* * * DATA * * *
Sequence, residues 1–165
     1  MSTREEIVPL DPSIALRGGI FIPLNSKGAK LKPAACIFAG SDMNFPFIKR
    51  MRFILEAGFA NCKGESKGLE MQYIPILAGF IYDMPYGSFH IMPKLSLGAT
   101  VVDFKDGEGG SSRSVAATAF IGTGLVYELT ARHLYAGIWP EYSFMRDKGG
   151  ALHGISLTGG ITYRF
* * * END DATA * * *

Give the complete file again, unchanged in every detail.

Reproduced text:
Sequence, residues 1–165
     1  MSTREEIVPL DPSIALRGGI FIPLNSKGAK LKPAACIFAG SDMNFPFIKR
    51  MRFILEAGFA NCKGESKGLE MQYIPILAGF IYDMPYGSFH IMPKLSLGAT
   101  VVDFKDGEGG SSRSVAATAF IGTGLVYELT ARHLYAGIWP EYSFMRDKGG
   151  ALHGISLTGG ITYRF